One of the projects that we in our department are very concerned about is making sure that we continue to develop, cultivate and maintain partnerships with key leaders in our American Arab, Muslim, and South Asian communities. If we are going to win the struggle against this ideology of evil, which I began my speech talking about, we can only do it by competing with an ideology and a narrative that is more appealing to young people – in fact to everybody – in this country and around the world. You can't beat a set of ideas, even if they're bad ideas, unless you offer competing ideas. And the only way to develop those ideas and to be able to communicate those ideas is by working with community leaders who are, in fact, those who influence thought and education and belief.
And that's why reaching out to embrace these communities – Arab communities, Muslim communities, and South Asian communities – is so important to us. We need to make sure that everybody in this country, whatever their religious belief and ethnic background, feels connected to the American way and to the government. We have to listen to their concerns and ideas. We have to encourage people from these communities to join public service, to become part of the FBI, or DHS, or part of the military, so that they have a full stake in the venture and nobody feels excluded.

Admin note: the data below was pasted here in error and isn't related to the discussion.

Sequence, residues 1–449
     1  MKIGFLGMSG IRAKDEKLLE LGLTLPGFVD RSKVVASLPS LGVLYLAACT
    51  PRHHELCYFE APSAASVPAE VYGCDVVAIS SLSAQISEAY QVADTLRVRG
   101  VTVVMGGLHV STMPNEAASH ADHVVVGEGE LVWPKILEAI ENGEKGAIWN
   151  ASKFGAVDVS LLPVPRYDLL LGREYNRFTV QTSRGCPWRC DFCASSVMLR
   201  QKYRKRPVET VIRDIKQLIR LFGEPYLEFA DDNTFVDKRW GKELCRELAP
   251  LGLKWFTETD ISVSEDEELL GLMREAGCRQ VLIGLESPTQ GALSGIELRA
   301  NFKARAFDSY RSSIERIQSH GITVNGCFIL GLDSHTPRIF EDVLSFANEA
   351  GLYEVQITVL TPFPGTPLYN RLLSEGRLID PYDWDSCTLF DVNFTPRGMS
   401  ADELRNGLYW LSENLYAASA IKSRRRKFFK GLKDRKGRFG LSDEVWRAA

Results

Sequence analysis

It is one of the strengths that this country has had, and an advantage that we have that some countries overseas do not have, that we've been willing to weave new immigrants and second- and third-generation decedents of immigrants into the fabric of our country – living side by side, raising our families together, prospering in our professions and our businesses, and worshiping in accordance with the dictates of our conscience.
The motto on the seal of this country, again, "e pluribus unum," is in many ways a recipe for the best ideology and the most powerful ideology to use against bin Laden and those who subscribe to his evil world view. [Link]
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